Meanwhile, as the marketing research was taking off, Nikhil decided to explore his love for cooking as a business interest. “I love food and I have been cooking for a long time. Though I still have a long way to go, I am fairly adept at my ingredients,” says the restaurateur with a laugh. Pune became the city for his first venture into food business. There were two years of hard work and getting it exactly right, then came, Dravida’s Bistro. “The USP of Dravida’s Bistro is that we grow our own food, completely organic, free of pesticides.” He opened the restaurant in partnership. Dravida’s Bistro has 16,000 sq. feet in total out of which 8,000 sq. feet is the urban growth space. It is an added attraction for those who dine in this restaurant serving pure veg dakshin (southern) cuisine. “We often take our customers to see the fields once they have eaten and tell them that this is where ingredients in their food came from.” Dravida’s Bistro is currently fluctuating between 4.2 to 4.4 on Zomato. Nikhil remarks that a very limited variety of south Indian food is available in Pune. Most of it, he says, is restricted to idli, vada, dosa, rasam, sambhar and rice. “Dravida’s Bistro provides a refreshing change. We have food on our menu that our customers cannot pronounce but they keep coming back time after time because they simply cannot forget the taste.”
Another point where this restaurant scores is pricing. “We provide authentic and mouth-watering food at a great price.” A recipe for success that Nikhil is keen to replicate in Bangalore but with a twist. He is about to launch his second restaurant, The Moo Point in Devatha Plaza at Residency Road. “The point about Moo Point is, it is going to serve sandwiches, such as this city has never seen before,” he says with a mischievous glint in his eyes. But, that is just the fun part. Talking to him reveals how dead serious this young entrepreneur is about his sandwiches. According to him, “Sandwiches are something that have been there ever since bread came around. Every country, in fact, every region has its own version of sandwiches. Vada pav is a sandwich in itself. I want to offer the authentic vada pav with the real Mumbai pav in this city.” He means business. It is obvious from the fact that it took him six months just to get the right sort of bread. And, now that he has finally found his guy to make bread Nikhil is rearing to go. “I want people to have yummy burgers, authentic Vietnamese Bun Mee sandwiches and Elbow Grips at effective prices.” The restaurant is going to serve an array of vegetarian and non-vegetarian sandwiches and burgers, along with beverages and side dishes.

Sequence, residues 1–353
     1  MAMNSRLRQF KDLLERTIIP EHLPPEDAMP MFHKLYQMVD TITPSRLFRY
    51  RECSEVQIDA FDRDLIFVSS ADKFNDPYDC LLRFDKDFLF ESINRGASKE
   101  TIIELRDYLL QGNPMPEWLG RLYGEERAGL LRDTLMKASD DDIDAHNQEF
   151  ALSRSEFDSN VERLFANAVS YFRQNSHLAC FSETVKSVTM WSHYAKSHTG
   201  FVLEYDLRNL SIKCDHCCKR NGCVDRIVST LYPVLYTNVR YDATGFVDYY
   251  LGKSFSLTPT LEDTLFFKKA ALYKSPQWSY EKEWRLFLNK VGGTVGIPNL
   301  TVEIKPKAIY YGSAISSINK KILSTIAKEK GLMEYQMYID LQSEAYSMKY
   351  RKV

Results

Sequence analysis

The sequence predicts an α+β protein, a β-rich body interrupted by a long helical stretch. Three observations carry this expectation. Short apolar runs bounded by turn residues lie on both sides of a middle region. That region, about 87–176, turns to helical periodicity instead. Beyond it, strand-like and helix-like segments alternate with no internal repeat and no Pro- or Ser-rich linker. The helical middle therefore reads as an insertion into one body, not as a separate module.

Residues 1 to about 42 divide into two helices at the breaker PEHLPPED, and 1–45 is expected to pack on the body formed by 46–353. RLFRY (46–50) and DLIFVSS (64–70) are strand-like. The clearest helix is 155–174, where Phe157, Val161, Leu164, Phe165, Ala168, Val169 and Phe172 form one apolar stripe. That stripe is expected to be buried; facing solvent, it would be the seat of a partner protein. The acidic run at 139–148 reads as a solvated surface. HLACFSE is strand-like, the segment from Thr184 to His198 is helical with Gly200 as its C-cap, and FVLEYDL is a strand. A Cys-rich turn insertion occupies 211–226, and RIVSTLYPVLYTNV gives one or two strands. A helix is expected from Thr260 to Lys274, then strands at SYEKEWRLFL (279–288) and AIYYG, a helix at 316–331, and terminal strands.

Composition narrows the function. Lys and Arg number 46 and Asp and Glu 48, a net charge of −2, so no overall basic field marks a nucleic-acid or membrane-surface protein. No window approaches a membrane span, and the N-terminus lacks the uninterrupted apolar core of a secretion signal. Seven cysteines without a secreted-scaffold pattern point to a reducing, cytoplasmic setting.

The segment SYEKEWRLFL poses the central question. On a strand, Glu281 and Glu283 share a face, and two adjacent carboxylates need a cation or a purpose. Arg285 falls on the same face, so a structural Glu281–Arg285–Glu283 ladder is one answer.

Cost effective, scrumptious food is the mantra that Nikhil lives by. He feels that over-priced food is often the result of bad back-end management. “If the price of an ingredient goes up, no one tries to find an alternative, rather, the cost is happily passed on to the customer. I want to end this trend, cut on costs and pass on the benefits to the customers.” He claims that out of 10 items, you can make twenty and save a lot on the costs while still dishing out delicious fare.
Some people would say that Nikhil is dabbling into too many sectors at once but he is not at all apologetic about it. For him, there is no point in putting all his eggs in just one basket. “I am a ridiculous dreamer. I take pleasure in setting goals for myself that look pretty unachieveable at a certain point of time but finally they come within reach.” Perhaps it is this attitude of dreaming big while still keeping within his grips the down to earth attitude that he so effortlessly exudes that is behind his success, apart from hard work and a never say die principle deeply embedded in his psyche. When asked about his future plans, he says without any hesitation. “I want to change the way business is done,” with a look that very clearly leaves unsaid, “And I am going to make it happen.”